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December 6, 2012 (Ottawa, ON) Pauktuutit Inuit Women of Canada encourages everyone to observe the National Day of Remembrance and Action on Violence Against Women on December 6 as an important day to remember and honour those Inuit women and girls who have lost their lives to violence.

Rebecca Kudloo noted “December 6 is a solemn day and this year marks the 21st anniversary since the naming of this day in Canada. This important day is also a reminder of the loss of life of so many vibrant and loved Inuit women and girls. It has been one week since the brutal murder of a young Igloolik woman, and many others will be remembered today.”

All Canadians are encouraged to observe a minute of silence on December 6 and to wear a white or purple ribbon as an expression of their commitment to end violence against women. In Canada, there are approximately 55,000 Inuit living in 53 communities in the North and as well as south of 60. ‘Inuit Nunangat’ is the Inuktitut term for ‘Inuit homeland,’ an expanse comprising more than one-third of Canada’s land mass, extending from Nunatsiavut in northern Labrador to the Northwest Territories.

The amount of violence and victimization of Inuit women and girls is occurring at an alarming rate here in Canada. According to the Statistics Canada report released December 4, 2012, Nunavut experiences a per capita homicide rate that is 12 times higher than the rest of Canada compared to seven per cent nationally.

Overcrowded housing and the lack of housing options, poverty, lack of employment and/or skills, substance abuse and the lasting effects of colonization, residential schooling and intergenerational trauma are all key issues that further contribute to Inuit women being vulnerable to ongoing abuse. The extreme housing crisis across the Arctic often means that for women living with violence in the home there may be no other safe housing options, and the cost of air travel to seek safety in another community can be prohibitively expensive.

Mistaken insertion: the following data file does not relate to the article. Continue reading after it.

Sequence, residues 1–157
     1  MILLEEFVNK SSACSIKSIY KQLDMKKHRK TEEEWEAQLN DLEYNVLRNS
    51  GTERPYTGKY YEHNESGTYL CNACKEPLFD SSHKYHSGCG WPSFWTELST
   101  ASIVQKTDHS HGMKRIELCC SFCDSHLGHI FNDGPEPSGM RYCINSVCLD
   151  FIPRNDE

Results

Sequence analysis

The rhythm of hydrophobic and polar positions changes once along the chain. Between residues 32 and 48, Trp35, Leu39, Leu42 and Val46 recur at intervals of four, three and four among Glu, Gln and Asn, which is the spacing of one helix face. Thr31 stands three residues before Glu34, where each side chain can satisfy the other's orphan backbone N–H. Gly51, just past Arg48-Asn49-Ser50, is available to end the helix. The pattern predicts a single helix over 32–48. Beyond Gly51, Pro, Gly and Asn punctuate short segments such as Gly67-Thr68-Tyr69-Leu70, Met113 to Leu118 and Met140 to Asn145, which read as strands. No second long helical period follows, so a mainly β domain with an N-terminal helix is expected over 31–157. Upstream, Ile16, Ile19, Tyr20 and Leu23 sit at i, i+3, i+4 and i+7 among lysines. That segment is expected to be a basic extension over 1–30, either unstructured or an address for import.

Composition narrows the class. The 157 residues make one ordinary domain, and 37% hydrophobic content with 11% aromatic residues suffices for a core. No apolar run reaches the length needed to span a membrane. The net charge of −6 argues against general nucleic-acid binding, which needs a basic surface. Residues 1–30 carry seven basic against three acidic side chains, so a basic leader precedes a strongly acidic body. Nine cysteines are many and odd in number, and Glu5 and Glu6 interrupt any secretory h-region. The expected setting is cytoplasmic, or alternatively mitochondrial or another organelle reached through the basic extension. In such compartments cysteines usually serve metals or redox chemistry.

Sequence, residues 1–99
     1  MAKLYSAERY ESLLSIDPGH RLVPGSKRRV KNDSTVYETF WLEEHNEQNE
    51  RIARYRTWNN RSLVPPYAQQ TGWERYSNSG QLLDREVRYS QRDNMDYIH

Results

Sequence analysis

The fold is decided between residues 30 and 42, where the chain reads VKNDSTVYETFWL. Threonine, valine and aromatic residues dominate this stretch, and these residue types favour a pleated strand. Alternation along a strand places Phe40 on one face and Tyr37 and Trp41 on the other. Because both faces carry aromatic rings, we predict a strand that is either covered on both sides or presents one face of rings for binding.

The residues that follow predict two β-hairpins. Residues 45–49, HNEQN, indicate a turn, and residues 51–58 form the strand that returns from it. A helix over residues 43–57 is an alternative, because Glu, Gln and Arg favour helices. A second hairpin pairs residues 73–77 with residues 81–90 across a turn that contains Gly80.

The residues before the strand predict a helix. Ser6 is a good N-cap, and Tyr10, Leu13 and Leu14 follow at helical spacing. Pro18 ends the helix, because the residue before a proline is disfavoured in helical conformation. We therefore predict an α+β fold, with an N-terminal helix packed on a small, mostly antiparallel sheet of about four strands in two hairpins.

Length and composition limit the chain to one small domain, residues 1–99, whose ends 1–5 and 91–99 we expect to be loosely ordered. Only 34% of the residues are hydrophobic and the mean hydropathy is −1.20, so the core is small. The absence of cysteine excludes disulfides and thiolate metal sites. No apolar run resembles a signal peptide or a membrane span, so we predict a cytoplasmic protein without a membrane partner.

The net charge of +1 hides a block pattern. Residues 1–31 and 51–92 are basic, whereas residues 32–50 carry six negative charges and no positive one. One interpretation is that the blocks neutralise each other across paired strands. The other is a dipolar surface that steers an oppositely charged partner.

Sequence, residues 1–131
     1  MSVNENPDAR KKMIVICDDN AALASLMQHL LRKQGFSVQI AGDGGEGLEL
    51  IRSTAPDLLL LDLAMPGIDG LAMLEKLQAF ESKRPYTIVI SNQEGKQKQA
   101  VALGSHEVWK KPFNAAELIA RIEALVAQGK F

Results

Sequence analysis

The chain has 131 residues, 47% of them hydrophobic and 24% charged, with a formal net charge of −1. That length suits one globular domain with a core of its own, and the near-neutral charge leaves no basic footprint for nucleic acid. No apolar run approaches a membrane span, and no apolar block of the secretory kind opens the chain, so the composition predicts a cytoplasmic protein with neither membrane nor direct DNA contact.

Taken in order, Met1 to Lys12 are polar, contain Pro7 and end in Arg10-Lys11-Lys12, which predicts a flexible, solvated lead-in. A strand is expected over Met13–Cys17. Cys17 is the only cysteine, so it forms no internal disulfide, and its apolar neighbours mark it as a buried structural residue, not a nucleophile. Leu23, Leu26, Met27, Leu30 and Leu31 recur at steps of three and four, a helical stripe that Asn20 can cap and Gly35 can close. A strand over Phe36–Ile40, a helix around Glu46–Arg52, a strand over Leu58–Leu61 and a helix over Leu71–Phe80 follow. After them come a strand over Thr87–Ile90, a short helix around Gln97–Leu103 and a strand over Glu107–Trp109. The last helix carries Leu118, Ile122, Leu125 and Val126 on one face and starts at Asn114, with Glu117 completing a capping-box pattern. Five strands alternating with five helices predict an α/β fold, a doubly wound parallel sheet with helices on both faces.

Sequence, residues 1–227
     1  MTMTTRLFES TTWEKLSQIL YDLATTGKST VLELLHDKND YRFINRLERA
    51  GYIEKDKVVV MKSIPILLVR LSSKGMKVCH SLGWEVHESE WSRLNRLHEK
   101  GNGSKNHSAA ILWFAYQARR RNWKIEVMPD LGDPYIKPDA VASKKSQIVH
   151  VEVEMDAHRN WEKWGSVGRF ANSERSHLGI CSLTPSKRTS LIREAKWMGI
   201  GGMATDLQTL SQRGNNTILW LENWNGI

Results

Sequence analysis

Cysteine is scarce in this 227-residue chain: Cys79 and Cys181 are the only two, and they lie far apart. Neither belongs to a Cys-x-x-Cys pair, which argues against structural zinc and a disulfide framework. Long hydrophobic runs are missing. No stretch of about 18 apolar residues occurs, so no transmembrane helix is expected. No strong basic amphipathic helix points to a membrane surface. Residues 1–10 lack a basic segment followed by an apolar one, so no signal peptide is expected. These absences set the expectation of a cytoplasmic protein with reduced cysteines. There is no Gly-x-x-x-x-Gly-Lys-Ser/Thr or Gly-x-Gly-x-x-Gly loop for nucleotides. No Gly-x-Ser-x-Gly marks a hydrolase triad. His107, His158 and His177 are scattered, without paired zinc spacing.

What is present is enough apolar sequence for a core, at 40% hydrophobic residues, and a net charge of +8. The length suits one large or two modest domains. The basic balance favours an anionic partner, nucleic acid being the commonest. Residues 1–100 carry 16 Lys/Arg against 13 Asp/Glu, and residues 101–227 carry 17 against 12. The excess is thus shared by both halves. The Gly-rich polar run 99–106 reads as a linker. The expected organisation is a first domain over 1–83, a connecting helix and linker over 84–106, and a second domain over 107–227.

“We need access to the basic range of health and social services taken for granted by other Canadians,” said Rebecca Kudloo, Interim President of Pauktuutit. “We need safe shelters and supports for victims of violence. We need multi-year funding to develop and deliver Inuit-specific programs, and support for what we know will work in our communities. We need tools to intervene in cases of child sexual abuse and supports for victims to heal and prevent the ongoing cycle of abuse. We need trained Inuit professionals to work with our people. We want the same quality of life – and personal safety – as other Canadians” she added.

Pauktuutit recently presented Inuit priorities and concerns to the provincial and territorial governments in attendance at the third National Aboriginal Women’s Summit held in Winnipeg, Manitoba, on November 1. For example, more than 70 per cent of Inuit communities do not have safe shelters for women and children, which has directly resulted in the loss of lives. In Winnipeg, Ms. Kudloo had the opportunity to collaborate with Inuit leaders and solidify the priorities to move forward on action to address violence against Inuit women and girls. While no concrete decisions came out of the most recent National Aboriginal Women’s Summit, there is a shared commitment to continue the discussion.

For more information on the work Pauktuutit is conducting to prevent abuse and violence, please visit 




Pauktuutit Inuit Women of Canada